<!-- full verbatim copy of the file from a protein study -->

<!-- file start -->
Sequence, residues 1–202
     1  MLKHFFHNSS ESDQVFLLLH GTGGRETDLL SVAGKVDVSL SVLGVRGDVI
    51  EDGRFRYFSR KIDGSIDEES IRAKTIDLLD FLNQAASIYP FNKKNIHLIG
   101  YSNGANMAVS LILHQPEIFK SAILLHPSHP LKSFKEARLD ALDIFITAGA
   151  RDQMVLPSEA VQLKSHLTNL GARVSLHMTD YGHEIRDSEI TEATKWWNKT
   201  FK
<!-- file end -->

Sequence, residues 1–202
     1  MLKHFFHNSS ESDQVFLLLH GTGGRETDLL SVAGKVDVSL SVLGVRGDVI
    51  EDGRFRYFSR KIDGSIDEES IRAKTIDLLD FLNQAASIYP FNKKNIHLIG
   101  YSNGANMAVS LILHQPEIFK SAILLHPSHP LKSFKEARLD ALDIFITAGA
   151  RDQMVLPSEA VQLKSHLTNL GARVSLHMTD YGHEIRDSEI TEATKWWNKT
   201  FK